Call it Xmas.

Once undoubtedly a respectable abbreviation--the X representing the Greek capital letter khi, initial of Khristos (Christ, the Anointed)--Xmas may have acquired its bad odor from a faint association with secularism (X could also stand, if you like, for a blank or unknown quantity, even a negation) or with commercial expediency (X fits better on signs). In any case, Xmas is now one of those words with the sneer already in it. It's the name for everything that's cheap, superficial, and kitschy about Christmas--one finger electronic organ tunes, video Yule logs, Slim Whitman in a stocking cap--the sinister "materialistic" Christmas everybody's always denouncing. Xmas is at best a secular corruption, at worst a black mass. It's doubtful that anything good has ever been said about it by anyone.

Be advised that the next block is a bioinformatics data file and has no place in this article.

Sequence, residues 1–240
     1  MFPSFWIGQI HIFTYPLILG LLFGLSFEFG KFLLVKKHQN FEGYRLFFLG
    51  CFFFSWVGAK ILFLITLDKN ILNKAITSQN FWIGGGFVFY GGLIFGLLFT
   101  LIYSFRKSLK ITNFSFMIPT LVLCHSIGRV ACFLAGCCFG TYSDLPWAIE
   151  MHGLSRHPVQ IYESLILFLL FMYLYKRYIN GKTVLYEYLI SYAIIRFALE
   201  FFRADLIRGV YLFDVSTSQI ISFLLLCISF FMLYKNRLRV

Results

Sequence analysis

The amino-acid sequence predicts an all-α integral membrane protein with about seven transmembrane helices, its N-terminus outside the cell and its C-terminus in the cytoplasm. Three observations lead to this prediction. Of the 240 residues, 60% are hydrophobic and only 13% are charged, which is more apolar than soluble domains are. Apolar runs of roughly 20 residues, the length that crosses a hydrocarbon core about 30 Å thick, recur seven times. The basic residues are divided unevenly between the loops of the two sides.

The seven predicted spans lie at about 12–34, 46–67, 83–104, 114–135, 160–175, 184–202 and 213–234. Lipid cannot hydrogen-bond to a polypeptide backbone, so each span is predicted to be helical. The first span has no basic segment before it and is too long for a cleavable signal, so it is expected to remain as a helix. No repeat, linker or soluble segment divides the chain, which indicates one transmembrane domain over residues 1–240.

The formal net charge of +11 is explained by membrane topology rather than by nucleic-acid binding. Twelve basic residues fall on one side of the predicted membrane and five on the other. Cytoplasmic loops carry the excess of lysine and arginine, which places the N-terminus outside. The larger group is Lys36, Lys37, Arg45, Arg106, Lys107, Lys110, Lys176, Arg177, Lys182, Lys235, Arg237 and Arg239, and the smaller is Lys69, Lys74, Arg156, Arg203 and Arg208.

And yet Xmas has a maddening, weedlike vigor. Religious sentiments must be laboriously cultivated at year's end, but Xmas springs up out of every unintended cranny, spreads everywhere, overruns everything. Including the sacred. It can't be stamped out. Tell us to shun "commercialization," and we will nod like sheep. But tell us, even from the pulpit, to turn away from Santa Claus and we will be scandalized. Tell us to stop making ourselves cozy, spoiling our children, getting misty over old movies, and you will lose every one of us. Xmas may be unsanctioned, it may be false--it may be demonically false--but it remains dear to our silly hearts.

Dearer--more meaningful--than the "authentic" Christmas it's gradually replacing.

Christmas is about what we have long aspired to be; Xmas is about what we are. In trading the one for the other, you could say we traded down. But I have no regrets. I've kept Christmas in many a drafty church, with the aspirations soaring to the highest cross vaults, but I can never remember a time when I wasn't relieved to get home. Home for Xmas. Isn't there a cheesy song.....?